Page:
Factors to consider before pursuing an advanced degree

Advanced degrees have long been associated with better career prospects and higher earnings. Women seem to be especially aware of that, as the Council of Graduate Schools/GRE Survey of Graduate Enrollment and Degrees noted that, in the fall of 2017, the majority of first-time graduate students at all levels were women. Among master’s degree candidate’s that fall, 59 percent were female while 53.5 percent of doctoral candidates were women.

The decision to pursue an advanced degree requires careful consideration. Such a pursuit requires a considerable investment of time and money, and while those are two important factors to consider before making a decision (more on that below), they’re not the only things women must think of as they try to make the best decision.

Timing

Timing and time are two different things. While many people considering graduate degrees think about how much time they’ll need to complete their degrees, timing also merits consideration. Newly minted graduates may want to take a break after expending so much effort to earn their undergraduate degrees. Taking time between degrees can provide the opportunity to recharge, and it also can give young graduates a chance to get some professional experience. That experience can inform their future grad school decision, perhaps reassuring them they’re on the right career path or compelling them to pursue other avenues. But enrolling right after completing your undergraduate studies can be beneficial as well. That’s especially so for recent grads who hope to start a family soon after graduation. The longer you delay enrolling in a graduate program, the longer you may delay starting a family, which can have a lasting impact.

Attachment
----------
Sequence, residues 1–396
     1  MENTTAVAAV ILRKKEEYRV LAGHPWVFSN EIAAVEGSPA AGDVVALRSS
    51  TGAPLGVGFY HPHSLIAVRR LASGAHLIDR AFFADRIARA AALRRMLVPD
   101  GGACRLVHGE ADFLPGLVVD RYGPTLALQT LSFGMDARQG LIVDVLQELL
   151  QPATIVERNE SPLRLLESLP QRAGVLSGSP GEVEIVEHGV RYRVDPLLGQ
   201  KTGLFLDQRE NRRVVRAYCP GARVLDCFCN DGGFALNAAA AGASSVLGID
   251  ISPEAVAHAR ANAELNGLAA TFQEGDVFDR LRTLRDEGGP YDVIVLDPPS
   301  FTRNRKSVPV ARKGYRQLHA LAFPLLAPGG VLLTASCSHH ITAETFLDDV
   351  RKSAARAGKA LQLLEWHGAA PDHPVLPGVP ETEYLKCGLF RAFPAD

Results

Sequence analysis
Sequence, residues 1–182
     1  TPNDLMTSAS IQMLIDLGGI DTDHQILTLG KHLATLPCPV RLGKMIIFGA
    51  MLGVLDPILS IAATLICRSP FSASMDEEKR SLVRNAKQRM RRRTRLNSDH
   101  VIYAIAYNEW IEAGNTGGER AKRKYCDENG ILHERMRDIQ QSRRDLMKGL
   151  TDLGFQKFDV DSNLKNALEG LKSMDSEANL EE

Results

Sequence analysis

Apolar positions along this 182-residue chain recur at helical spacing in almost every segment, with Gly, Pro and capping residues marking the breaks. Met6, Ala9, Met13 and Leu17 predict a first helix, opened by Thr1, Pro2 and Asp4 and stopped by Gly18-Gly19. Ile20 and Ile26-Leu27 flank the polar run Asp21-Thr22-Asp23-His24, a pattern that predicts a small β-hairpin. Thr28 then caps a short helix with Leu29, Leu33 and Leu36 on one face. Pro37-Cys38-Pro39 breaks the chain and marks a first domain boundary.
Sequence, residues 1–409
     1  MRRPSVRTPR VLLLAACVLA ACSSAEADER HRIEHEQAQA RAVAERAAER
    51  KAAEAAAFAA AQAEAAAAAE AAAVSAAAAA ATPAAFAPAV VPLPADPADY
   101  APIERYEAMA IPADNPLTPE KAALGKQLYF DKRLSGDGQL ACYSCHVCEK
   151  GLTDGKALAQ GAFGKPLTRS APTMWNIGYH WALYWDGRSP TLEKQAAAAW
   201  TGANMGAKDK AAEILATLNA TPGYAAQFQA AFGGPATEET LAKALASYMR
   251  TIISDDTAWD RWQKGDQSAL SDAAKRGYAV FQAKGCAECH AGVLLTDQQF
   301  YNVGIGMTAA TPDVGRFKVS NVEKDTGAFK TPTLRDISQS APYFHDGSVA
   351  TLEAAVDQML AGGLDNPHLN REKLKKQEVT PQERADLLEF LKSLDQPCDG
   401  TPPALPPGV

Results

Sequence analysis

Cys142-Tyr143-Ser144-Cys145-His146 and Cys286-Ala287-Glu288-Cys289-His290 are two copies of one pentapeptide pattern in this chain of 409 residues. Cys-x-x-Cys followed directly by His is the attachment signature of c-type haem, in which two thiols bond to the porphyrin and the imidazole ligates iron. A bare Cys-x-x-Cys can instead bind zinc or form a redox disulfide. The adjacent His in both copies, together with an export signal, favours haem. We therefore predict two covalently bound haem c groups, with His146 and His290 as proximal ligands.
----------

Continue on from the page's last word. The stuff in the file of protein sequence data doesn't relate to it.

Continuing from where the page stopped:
Career prospects

While it’s easy to assume an advanced degree will greatly enhance your career prospects and increase your earning potential, it’s not necessarily that simple. When considering the pursuit of an advanced degree, try to determine if you’ll be in the workforce long enough to benefit from the increased earnings. Women who are mid- to late-career might not benefit considerably or at all from the extra earnings if they’re paying for their advanced degrees themselves, as the cost of tuition and other fees might be higher than the extra earnings. In addition, some advanced degrees won’t necessarily lead to considerably higher salaries than you’re likely to earn with a bachelor’s degree. That will depend on your profession.

Time

The time required to pursue an advanced degree merits strong consideration. Many students pursuing a master’s degree full-time can earn their degrees in two years, while those who attend part-time will need more time to complete their degree programs. Doctoral programs take considerably longer.

Cost

The cost of an advanced degree varies widely depending on the program. Some programs may cost $20,000 or less, while others will cost more than $100,000. Many doctoral candidates receive financial aid from their schools or lenders, but the cost of a Ph.D. is still considerable, especially when considering the potential lost earnings during the years while the degree is being pursued.

Women receive the majority of advanced degrees earned at colleges and universities across the country. Choosing whether or not to pursue such a degree requires careful consideration of a host of factors.

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